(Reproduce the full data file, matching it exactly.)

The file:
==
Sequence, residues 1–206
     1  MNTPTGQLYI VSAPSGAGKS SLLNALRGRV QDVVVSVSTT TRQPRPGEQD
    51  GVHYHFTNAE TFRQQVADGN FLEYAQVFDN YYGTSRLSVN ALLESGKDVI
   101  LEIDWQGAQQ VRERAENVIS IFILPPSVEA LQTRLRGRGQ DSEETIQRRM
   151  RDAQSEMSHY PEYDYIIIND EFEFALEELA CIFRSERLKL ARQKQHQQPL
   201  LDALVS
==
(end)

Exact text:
Sequence, residues 1–206
     1  MNTPTGQLYI VSAPSGAGKS SLLNALRGRV QDVVVSVSTT TRQPRPGEQD
    51  GVHYHFTNAE TFRQQVADGN FLEYAQVFDN YYGTSRLSVN ALLESGKDVI
   101  LEIDWQGAQQ VRERAENVIS IFILPPSVEA LQTRLRGRGQ DSEETIQRRM
   151  RDAQSEMSHY PEYDYIIIND EFEFALEELA CIFRSERLKL ARQKQHQQPL
   201  LDALVS